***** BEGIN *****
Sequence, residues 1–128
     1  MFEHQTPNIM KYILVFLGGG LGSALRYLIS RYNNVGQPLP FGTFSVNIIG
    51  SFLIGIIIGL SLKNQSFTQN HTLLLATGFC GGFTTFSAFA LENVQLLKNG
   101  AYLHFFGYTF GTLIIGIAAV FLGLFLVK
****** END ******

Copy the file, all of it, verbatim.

Sequence, residues 1–128
     1  MFEHQTPNIM KYILVFLGGG LGSALRYLIS RYNNVGQPLP FGTFSVNIIG
    51  SFLIGIIIGL SLKNQSFTQN HTLLLATGFC GGFTTFSAFA LENVQLLKNG
   101  AYLHFFGYTF GTLIIGIAAV FLGLFLVK